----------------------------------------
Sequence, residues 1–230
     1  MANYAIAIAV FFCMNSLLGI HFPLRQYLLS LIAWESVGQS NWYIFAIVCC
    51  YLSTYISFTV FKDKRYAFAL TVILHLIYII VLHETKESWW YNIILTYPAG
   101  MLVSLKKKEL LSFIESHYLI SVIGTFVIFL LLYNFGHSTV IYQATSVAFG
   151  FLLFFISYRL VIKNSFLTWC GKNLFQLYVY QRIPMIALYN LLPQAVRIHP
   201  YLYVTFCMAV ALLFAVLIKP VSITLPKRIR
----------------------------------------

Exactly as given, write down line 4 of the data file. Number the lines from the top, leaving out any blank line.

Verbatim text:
   101  MLVSLKKKEL LSFIESHYLI SVIGTFVIFL LLYNFGHSTV IYQATSVAFG